Last week at AFI FEST, the 2014-15 awards season took one of its most major twists yet when the festival showed Ava DuVernay’s “Selma” at the last minute. It has originally been planned that Paramount would simply screen a 30-minute preview, but then just two days before, DuVernay sent this tweet out to none other than Oprah Winfrey (who produced “Selma” and has a small role), and it became clear the wait for “Selma” was about to be over:
It wouldn’t become clear until just after the film’s actual screening that a much longer, much more remarkable (in the worst possible sense) wait may also about to be over. DuVernay seems like she’s in an excellent position to become the first woman of color to ever be nominated for a Best Director Oscar. Obviously that’s not a certainty. There are still five weeks until “Selma” even comes out, and three more after that before Oscar voters ultimately decide whether or not it is the major contender these early screenings suggest it is. But there’s no way “Selma” won’t at least be a big part of the awards season conversation as things start to rev up, and it’s important to take a step back before that all goes down and realize what a big deal that will be.
Now obviously the following is not breaking news. Year after year, articles bring
up the atrocious lack of diversity at the Oscars. But with good
reason: The numbers are insane. Females make up roughly 51% of the
American population, while 13% of the country is Black or African-American. But neither
demographic makes up over one percent of the nominations for Best
Director at the Academy Awards. Woody Allen has seriously been
nominated for as many Best Director Oscars than all female and black filmmakers combined ever.
There have been 423 Oscar nominations handed out for Best Director over the years. Of them, four have gone to females (all of them white), and three have gone to black filmmakers (all of them male). Here’s a quick rundown in both regards:
Female Best Director Nominees:
Film: “Seven Beauties”
Lost To: John G. Avildsen for “Rocky”
Film: “The Piano”
Lost To: Steven Spielberg for “Schindler’s List”
Film: “Lost in Translation”
Lost To: Peter Jackson for “The Lord of the Rings”
Film: “The Hurt Locker”
Lost To: No one!
Black Best Director Nominees:
Film: “Boyz in the Hood”
Lost To: Jonathan Demme for “The Silence of the Lambs”
Lost To: Kathryn Bigelow for “The Hurt Locker”
Film: “12 Years a Slave”
Lost To: Alfonso Cuaron for “Gravity”
If Ava DuVernay ends up getting nominated this year, we should be fully aware of what an incredibly historic moment that will be with respect to the above trajectory. And of course, there’s scenarios to reasonably fantasize about that even go beyond that. What if DuVernay wins? Or what if Angelina Jolie (whose husband Brad Pitt oddly enough produced “Selma”), is nominated too for “Unbroken,” which is about to start screening and has Oscar written all over it? For once, we’d almost not have any reason to complain.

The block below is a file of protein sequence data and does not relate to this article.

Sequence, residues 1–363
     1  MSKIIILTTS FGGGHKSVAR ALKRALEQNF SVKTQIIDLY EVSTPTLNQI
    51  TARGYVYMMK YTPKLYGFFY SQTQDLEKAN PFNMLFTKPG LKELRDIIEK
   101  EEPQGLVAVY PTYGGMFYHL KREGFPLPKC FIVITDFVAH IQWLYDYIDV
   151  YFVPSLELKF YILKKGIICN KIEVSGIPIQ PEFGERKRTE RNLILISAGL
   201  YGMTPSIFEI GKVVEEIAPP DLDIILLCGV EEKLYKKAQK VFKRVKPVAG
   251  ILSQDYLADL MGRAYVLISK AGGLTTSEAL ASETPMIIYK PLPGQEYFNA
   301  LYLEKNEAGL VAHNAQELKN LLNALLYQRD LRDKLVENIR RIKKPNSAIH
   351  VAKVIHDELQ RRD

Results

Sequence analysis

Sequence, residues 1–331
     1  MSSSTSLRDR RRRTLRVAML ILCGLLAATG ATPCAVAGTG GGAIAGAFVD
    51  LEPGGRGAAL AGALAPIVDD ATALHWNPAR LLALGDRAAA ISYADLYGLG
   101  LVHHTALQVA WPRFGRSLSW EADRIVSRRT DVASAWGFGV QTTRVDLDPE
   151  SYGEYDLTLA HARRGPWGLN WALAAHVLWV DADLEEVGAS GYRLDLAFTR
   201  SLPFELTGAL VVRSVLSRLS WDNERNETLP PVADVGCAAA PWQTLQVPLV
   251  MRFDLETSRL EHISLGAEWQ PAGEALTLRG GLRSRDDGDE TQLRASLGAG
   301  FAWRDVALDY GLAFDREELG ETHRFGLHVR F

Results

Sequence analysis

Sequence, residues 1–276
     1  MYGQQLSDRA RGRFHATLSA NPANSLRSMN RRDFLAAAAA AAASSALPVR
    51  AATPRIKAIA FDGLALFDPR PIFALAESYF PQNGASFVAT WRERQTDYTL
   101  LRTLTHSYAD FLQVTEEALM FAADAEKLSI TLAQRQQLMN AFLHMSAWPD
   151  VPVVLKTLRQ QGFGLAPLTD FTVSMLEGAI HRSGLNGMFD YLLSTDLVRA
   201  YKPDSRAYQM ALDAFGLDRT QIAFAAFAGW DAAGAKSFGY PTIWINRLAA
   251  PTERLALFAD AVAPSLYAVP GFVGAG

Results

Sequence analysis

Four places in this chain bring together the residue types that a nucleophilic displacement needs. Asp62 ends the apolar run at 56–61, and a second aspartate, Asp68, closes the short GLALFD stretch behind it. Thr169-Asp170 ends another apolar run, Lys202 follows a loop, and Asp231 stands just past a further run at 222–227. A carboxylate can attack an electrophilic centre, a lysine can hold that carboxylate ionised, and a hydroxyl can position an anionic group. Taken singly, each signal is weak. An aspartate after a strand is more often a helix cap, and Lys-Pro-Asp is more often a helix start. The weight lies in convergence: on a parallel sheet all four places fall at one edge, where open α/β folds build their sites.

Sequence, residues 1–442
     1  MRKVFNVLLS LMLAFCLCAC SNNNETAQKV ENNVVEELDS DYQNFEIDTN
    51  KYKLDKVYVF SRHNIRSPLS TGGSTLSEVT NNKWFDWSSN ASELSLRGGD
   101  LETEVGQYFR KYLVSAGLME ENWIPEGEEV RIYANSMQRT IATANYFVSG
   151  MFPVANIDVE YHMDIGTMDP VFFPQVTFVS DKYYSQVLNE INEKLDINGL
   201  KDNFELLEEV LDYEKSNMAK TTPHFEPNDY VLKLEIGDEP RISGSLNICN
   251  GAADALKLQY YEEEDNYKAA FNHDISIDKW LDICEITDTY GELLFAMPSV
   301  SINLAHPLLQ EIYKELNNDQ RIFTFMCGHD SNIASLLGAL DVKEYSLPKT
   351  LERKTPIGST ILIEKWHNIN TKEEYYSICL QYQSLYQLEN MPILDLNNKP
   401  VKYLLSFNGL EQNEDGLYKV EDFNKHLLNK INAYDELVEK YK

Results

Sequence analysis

It’s important to note that while things are nowhere near close to ideal, progress seems to be accelerating. Of the seven filmmakers noted above, three got their Oscar nominations in the past five years. And in one of those years a female filmmaker and a black filmmaker were both nominated in Kathryn Bigelow and Lee Daniels, with Bigelow ultimately winning. In 2012, Ang Lee became the first non-white filmmaker to win two Best Director Oscars. And last year, of course, Steve McQueen’s “12 Years a Slave” became the first film directed by a black person to win Best Picture. Though it should also be noted that within these five years of “progress,” white men still directed of the 38 of the 47 Best Picture nominees. Which makes cause for any real celebration hard to swallow.
But DuVernay — and Jolie — could collectively raise the pathetic bar for diversity at the Oscars quite significantly this year. It’s way too early to know how possible that scenario is, but it’s not too early to acknowledge how important that would be on so many levels. Obviously, it suggests that the Oscars and the industry and society it represents are finally making some significant inroads with respect to filmmakers who aren’t white men. But more over, it creates such a grand stage for young people who aren’t white men everywhere to feel that they are represented too.
Peter Knegt is Indiewire’s Contributing Editor and awards columnist. Follow him on Twitter.
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